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pink underglaze turned brown


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#1 Val

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Posted 16 January 2013 - 11:34 AM

I am using Amaco velvet underglaze at cone 6 and on my test tiles the clear brush on glaze turned the pinks to brown while the dip glaze did not. Does anyone know what glaze ingredient to avoid in the future? I know about zinc turning greens to brown, but can't find much info on pink

#2 Chris Campbell

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Posted 17 January 2013 - 01:14 PM

Clear glazes can mess with all colors, not just green ... zinc is an ingredient I always avoid but I have seen color change with one of my old gerstley borate recipes too. The clear glazes I have had the least problems with are the Amaco zinc free clears ... but, that said, I have not tried them all.

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#3 timbo_heff

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Posted 17 January 2013 - 01:54 PM

Chris is correct: Amaco recommends their zinc-free clear over underglazes.

#4 Benzine

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Posted 17 January 2013 - 07:26 PM

I have never had an issue with Amaco clear. The students have a tough time believing, that it will be clear, as the low fire clear I use, looks like Pepto Bismol. I always say, "If it doesn't come out clear, I'll buy you a pop..........Or you did something terribly wrong".

I did discover that the clear, when applied over a black iron oxide stain, will turn it green.
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#5 ayjay

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Posted 18 January 2013 - 06:09 AM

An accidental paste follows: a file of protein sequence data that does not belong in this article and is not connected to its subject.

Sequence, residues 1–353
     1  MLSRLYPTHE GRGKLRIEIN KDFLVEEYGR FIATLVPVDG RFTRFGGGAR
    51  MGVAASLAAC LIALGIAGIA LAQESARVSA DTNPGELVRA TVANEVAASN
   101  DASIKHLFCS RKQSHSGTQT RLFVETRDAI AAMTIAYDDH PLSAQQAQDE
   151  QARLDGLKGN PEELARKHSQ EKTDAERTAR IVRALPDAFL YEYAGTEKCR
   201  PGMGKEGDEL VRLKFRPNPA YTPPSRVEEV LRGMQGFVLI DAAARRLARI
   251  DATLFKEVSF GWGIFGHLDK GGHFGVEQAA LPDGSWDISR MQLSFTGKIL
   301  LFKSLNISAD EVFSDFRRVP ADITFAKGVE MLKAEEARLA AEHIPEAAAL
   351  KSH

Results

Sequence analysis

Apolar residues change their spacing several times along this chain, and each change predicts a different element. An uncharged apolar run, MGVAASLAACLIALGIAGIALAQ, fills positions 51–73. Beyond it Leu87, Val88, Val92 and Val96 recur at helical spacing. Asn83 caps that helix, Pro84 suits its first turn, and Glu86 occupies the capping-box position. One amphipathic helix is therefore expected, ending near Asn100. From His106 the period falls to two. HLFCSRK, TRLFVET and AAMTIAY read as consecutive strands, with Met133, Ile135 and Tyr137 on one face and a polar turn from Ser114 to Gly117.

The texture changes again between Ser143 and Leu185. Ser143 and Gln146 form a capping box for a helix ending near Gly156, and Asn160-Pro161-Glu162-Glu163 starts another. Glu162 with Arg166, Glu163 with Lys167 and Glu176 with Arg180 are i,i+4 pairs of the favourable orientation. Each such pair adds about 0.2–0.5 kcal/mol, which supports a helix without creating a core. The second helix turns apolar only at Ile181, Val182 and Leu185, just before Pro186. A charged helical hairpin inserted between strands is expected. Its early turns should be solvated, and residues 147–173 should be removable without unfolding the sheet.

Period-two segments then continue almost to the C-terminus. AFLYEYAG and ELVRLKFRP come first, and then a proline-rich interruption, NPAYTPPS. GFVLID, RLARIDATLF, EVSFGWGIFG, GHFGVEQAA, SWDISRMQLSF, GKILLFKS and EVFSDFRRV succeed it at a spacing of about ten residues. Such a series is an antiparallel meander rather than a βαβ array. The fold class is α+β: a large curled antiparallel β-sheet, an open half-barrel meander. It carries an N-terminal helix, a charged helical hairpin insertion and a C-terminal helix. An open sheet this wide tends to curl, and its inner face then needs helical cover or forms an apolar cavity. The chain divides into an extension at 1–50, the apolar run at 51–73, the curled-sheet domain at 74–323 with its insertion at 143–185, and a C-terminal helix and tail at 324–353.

I have some Amaco Velvet underglazes, they are about five years old now and the firing range recommended is up to 05/04.

I tested them up to cone 8 and some of the colours burnt out to a nasty brown/grey, surprisingly the reds and yellows were less affected.

Maybe a newer incarnation of the product is OK to be fired hotter. What temperature is reccomended for what you have?

#6 Chris Campbell

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Posted 18 January 2013 - 01:20 PM

If you look in the newest Amaco catalogs ( and perhaps online too ) you will see they now show the Velvet underglaze color variations at both Cone 5 and Cone 10; glazed and unglazed. These images are good but they cannot replicate exactly what it will look like on your clay so I am posting a couple images of test tiles for color.

I make a bunch of flat tiles and carve the lines into them when hardened. You can have as many rows for information as you need. Place a hole in the corner so you can easily join them together and hang them on a wall for easy reference.

Fire the highest cone temp first, then the cooler one. Put glaze across half of the color so you can see the difference.
I also use these same test tiles for my glazes and my majolica colors. You can use them for technique references as well.

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Chris Campbell
Contemporary Fine Colored Porcelain
www.ccpottery.com

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